Don: Say I don’t like your price. Can you get me a better one?
Bub: I’d have to ask my manager.
Don: Okay, now let’s talk about the Toshiba REGZA 42RV530U 42-Inch 1080p LCD HDTV. How do they compare?
[Click. Dial tone.]
Bub, like many employees of our local electronics and hardware stores who’ve been exposed to Don, most likely had a nervous breakdown.
It’s a testament to my strength that I have endured the engineer’s microscope all these years and that I can still speak in complete sentences and do not have to wear a helmet to get through the day.
The problem with engineers is that their radar is never down. They are always scanning the environment for potential hazards.
My husband is certain everything is going to kill him, especially my home cooking.
He takes a few bites. He stops. In tandem, the kids stop. His eyebrows come together. The kids squint. He sniffs the food. They sniff. His bottom lip curls to indicate vomit is on the way. They start to gag.
He says, “When did you make this?”
“Two years ago,” I say.
His nose crinkles. The kids crinkle. “I’m sorry but…something tastes old.”
“What’s the white stuff?”
“Ya, Mom, what’s the white stuff?” says Jack.
“It’s nonfat plain yogurt,” I retort. “It’s good for you. And ten minutes ago before your father launched his forensics experiment, you thought I was the Galloping Gourmet so keep eating and go back to liking it.”
The detective continues: “Did you use any ingredients that expired?”
That’s when the digging begins. Out comes the trash can. He reaches for the yogurt tub.
“Lookie here, you guys! This yogurt expired last week.”
“Mom, that’s gross!” says my loving and supportive daughter.
“Whatever. It’s good bacteria,” I say.
“Oh my God! We’re gonna need a tetanus shot!” Don leans over the sink and starts scraping his tongue.
“Calm down, all of you. Oprah had people with OCD lick a toilet seat and the inside of a trash can and they lived. You’re lucky you’re not one of them.”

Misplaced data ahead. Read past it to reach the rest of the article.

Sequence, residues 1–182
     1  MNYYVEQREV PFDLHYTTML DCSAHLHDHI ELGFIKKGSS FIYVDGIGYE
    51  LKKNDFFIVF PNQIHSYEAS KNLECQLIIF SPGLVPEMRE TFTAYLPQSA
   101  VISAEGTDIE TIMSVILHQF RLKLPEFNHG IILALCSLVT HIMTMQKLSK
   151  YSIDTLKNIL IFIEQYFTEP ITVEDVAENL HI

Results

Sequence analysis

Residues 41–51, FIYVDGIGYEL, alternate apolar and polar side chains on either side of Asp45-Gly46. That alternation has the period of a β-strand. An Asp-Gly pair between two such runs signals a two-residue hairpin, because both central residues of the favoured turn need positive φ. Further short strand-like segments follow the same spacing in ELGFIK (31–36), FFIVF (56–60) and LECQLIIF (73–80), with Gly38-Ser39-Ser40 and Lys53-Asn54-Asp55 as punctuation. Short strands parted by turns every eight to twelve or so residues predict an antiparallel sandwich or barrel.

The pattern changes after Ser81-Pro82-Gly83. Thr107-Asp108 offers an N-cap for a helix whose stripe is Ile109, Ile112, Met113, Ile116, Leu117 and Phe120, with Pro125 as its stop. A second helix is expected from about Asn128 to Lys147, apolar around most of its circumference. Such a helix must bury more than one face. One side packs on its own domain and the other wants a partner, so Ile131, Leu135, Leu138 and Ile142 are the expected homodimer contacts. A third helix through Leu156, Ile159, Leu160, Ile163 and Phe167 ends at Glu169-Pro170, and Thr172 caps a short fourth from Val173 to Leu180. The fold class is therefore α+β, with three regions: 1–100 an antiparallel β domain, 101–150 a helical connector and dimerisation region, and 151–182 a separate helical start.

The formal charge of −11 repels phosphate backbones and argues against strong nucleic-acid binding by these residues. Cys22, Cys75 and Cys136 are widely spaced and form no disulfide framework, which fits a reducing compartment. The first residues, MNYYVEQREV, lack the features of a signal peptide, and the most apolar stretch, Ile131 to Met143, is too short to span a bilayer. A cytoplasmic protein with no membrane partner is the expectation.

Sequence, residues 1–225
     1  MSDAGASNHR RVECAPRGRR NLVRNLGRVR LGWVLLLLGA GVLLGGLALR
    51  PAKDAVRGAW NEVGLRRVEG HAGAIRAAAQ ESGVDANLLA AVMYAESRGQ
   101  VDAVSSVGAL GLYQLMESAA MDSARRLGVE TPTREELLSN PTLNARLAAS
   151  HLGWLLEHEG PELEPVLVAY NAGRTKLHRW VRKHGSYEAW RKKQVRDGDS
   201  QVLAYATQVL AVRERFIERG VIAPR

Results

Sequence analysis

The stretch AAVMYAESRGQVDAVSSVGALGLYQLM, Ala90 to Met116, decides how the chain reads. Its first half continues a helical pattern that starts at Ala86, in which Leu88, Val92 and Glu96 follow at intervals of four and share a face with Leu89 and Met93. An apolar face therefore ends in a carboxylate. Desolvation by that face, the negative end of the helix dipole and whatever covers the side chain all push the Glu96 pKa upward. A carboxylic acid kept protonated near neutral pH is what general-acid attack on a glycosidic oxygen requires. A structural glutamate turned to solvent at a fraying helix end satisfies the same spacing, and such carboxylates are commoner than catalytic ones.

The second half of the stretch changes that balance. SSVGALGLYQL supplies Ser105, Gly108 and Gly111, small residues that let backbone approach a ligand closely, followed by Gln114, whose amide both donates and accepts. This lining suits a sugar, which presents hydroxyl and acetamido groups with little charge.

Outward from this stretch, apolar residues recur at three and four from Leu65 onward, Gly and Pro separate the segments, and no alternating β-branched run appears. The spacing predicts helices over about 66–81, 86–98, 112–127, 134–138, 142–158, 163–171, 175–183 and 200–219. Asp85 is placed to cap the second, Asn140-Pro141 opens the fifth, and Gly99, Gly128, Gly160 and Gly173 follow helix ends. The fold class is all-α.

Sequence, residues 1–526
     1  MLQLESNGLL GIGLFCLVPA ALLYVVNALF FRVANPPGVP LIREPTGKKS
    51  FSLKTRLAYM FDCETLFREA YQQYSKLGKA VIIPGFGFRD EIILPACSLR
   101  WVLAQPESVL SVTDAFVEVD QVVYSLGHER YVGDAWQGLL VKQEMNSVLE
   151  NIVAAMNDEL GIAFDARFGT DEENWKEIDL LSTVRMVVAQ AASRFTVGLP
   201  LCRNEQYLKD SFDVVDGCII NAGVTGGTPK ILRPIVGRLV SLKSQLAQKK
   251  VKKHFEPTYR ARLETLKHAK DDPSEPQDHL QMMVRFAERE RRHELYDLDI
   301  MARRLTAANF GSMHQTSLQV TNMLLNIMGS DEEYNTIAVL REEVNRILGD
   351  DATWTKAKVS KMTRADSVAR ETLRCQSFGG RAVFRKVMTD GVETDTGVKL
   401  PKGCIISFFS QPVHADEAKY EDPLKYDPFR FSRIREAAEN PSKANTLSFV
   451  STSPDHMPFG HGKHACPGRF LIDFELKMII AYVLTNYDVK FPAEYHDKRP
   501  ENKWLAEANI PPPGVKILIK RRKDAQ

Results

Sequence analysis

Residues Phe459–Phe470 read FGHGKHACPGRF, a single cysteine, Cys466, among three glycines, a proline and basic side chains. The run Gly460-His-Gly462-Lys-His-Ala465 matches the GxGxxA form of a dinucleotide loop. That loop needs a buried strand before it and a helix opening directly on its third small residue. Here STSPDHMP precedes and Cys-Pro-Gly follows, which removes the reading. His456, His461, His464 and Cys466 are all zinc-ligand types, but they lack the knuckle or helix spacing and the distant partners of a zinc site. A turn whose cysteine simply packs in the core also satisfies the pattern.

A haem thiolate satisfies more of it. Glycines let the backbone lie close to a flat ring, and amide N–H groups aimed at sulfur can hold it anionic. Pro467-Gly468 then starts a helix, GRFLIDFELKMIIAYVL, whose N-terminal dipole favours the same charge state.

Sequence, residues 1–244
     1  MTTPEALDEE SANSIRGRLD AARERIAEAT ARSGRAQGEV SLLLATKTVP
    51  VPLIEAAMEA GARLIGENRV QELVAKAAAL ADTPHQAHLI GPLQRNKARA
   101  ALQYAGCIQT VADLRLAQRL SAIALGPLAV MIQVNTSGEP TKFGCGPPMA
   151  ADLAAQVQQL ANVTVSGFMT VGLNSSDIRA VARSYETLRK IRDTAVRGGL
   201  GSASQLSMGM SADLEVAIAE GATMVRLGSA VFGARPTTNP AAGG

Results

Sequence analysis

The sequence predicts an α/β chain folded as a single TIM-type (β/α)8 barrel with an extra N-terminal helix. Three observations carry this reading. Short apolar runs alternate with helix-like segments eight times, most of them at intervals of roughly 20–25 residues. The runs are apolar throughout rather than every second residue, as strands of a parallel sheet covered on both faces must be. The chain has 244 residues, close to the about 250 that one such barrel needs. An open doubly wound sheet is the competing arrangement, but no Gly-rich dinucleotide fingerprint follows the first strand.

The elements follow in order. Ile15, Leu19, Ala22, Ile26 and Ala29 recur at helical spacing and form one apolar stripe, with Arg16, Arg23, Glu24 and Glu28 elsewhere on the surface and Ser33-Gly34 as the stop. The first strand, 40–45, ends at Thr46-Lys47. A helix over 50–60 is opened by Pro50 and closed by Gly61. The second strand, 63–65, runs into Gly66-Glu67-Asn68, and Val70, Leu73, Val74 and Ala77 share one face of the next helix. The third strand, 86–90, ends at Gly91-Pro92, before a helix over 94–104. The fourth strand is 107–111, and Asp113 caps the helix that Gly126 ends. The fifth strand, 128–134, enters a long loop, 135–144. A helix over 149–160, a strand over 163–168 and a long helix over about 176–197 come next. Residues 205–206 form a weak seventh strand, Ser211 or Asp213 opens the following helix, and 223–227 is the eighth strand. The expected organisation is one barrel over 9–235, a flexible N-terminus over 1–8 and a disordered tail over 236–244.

Germs are a big part of Don’s world and he is forever seeking to determine their origin. If someone coughs within a mile radius of him, he suddenly has a tickle in his throat and is convinced his lungs are filled with phlegm.
If our daughter breaks out in eczema from eating too much cereal, Don will ask, “Oh my God, is that malaria, or did you eat something that Mom made?”
If I get a coldsore on the corner of my mouth, he looks at it like Mia Farrow in Rosemary’s Baby when she sees her son’s yellow eyes for the first time. He backs up with sheer terror.
“What happened to your mouth?” he cries. “You’ll need to sleep in the guest room for at least a month.”
If Jack starts kicking his sister on the couch, Don believes it’s a medical condition. He runs down the usual suspects:
“Did your mother make you watch Michael Flatley and ‘Lord of the Dance’?”
“Oh my God, I think you have Restless Leg Syndrome. Did you eat something Mom made?”
“When was the last time your mother changed your sheets?”
Ahh, the sheets. The second cause of illness in the Rose family.
While living with an engineer has its definite drawbacks, there are times when I am grateful. Like Christmas morning, when the kids open their electronic gadgets and run to me with seven operations manuals. I just point them to their father, who is eagerly waiting to jump into such fascinating material.
Inevitably, he will find a major defect in the programming of one the items and hi-ho, hi-ho, back to the store it goes. He smiles to himself, knowing he saved our family from the horrors of an inferior quality product.
My father told him on our wedding day, “No returning Lisa.” It will be the first and last time he falls for a warranty like that.